HEALTHWASHING
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What’s Inside Pandora’s Lunchbox? | Interview

 

Former New York Times reporter Melanie Warner's book Pandora's Lunchbox blew my mind. I thought I knew a lot about our food and what happens in the process of turning whole food into cheap, processed, convenient snacks and meals, but Melanie reveals tricks of the trade that I hadn't even considered. This is well worth a listen for you and your kids, too!

In this interview, we discuss:

  • The mysterious non-food ingredient in her store-bought guacamole.
  • The food processing conference where everything is made from altered starch.
  • Melanie's trip to the plant where they turn soy into filler for meat and veg burgers.
  • How air-popped cereal is made.
  • How this food fits into our healthy eating goals.

How soy beans become "meat"? Interview with @Melanie_Warner via @MeghanTelpner #Podcast

Join The Conversation

What are some of the most shocking or surprising things you have discovered about how our food is processed? What other books would you recommend along this theme?

5 Responses to “What’s Inside Pandora’s Lunchbox? | Interview”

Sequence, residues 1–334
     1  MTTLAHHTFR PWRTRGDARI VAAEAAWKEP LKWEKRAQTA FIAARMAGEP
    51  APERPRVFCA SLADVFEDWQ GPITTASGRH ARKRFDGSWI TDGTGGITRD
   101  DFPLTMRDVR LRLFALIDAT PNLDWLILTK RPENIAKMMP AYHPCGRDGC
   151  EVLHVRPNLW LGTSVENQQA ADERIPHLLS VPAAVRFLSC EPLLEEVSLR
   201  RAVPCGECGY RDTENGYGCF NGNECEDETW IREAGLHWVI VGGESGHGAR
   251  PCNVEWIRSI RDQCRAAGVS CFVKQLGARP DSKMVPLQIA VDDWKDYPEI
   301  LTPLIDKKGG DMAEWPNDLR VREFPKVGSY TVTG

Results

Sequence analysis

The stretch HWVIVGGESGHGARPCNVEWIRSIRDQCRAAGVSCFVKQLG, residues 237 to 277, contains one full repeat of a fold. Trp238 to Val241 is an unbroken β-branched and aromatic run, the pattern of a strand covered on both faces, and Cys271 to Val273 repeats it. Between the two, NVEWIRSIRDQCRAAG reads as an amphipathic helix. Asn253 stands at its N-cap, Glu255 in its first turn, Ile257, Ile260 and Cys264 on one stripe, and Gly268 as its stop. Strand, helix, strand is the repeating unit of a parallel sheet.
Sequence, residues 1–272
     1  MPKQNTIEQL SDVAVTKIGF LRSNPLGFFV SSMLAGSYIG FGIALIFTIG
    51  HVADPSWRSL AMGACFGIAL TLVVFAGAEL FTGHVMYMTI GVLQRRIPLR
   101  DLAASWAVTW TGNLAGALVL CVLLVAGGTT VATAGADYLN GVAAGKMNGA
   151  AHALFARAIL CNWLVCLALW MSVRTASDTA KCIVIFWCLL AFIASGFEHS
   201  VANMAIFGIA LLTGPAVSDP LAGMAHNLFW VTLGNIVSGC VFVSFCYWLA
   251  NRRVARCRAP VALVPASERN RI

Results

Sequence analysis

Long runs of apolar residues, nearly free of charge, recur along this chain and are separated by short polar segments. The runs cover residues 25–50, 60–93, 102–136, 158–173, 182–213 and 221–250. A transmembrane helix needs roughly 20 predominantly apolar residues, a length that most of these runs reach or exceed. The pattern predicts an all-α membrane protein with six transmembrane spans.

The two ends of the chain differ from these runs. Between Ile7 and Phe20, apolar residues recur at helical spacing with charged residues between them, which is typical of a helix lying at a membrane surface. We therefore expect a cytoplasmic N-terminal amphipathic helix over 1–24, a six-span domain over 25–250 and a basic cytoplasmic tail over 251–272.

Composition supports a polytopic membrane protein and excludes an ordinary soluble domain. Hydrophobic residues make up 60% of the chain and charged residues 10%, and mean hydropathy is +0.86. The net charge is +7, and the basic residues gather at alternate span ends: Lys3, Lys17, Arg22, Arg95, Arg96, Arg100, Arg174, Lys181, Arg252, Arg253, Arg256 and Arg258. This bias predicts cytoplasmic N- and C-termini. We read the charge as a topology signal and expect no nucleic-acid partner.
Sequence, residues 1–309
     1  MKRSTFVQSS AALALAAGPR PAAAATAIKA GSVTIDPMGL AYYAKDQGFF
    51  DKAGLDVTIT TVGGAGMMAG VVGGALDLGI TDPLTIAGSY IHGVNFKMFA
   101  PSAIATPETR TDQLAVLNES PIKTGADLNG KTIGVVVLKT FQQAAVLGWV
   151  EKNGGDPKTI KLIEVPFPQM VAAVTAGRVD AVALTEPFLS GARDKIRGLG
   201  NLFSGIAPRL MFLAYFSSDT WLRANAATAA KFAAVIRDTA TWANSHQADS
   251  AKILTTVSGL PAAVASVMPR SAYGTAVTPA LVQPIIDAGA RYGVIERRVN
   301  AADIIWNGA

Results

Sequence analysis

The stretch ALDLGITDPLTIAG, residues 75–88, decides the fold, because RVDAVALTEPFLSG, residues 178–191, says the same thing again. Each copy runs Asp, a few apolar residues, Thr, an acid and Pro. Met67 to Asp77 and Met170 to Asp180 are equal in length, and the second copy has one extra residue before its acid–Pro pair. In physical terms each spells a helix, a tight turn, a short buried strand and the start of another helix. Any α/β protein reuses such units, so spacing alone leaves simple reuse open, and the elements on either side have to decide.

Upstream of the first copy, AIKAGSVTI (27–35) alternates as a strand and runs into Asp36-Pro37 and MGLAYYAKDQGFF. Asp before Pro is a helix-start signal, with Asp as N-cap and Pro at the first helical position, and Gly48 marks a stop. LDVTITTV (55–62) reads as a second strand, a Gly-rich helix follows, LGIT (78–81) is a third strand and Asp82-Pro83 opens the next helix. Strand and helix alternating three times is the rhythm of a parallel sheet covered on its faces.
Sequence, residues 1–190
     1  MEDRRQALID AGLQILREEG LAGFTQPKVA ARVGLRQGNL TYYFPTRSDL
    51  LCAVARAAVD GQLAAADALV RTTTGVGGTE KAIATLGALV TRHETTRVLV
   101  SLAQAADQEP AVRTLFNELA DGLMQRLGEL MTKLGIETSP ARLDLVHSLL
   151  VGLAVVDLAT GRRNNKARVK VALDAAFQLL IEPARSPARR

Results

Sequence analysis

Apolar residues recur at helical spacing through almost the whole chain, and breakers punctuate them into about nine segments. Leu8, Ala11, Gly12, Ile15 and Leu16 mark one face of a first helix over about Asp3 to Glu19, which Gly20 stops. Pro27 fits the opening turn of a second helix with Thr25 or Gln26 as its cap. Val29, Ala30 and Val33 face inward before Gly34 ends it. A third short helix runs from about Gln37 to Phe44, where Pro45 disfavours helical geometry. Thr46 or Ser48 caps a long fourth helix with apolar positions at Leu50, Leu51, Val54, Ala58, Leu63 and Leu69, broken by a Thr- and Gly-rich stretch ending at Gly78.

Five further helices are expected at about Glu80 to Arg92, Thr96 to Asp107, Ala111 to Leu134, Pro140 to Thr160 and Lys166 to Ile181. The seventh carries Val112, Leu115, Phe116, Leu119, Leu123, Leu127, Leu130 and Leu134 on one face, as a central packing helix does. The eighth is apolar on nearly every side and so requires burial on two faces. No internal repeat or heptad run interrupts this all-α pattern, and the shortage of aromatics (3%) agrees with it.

1. Jane said…
    What a great interview! I must admit, while listening I went and started looking through my cupboards. Scary stuff and I thought I was doing well. Thanks Meghan for always helping us get to the next level!
  2. Meghan Telpner said…
    Thanks Jane!
  3. melissa Rogers said…
    This is terrific!!! I am ready to throw everything out. Even though I know this stuff is crap, you get sucked in again over time so I am so glad I am feeling refreshed and motivated about food. Thank you!!
    • Meghan Telpner said…
      You can do it!
  4. Jen said…
    I read this book when it first came out, just after I read Sugar, Salt, Fat. I can stomach reading this stuff because we'd already cut out 97% of processed foods at home in the last couple years. Otherwise, it's truly disturbing the crap that people put into their bodies on purpose – just as disturbing are the products that companies can sell as edible food. Mind you, my children don't always see it the same way, but it's something I don't mind continually talking with them about. Even at 3 and 8, I know they hear me.

Before you post your comment, please note that I am unable to offer nutritional advice or recommendations via my blog.

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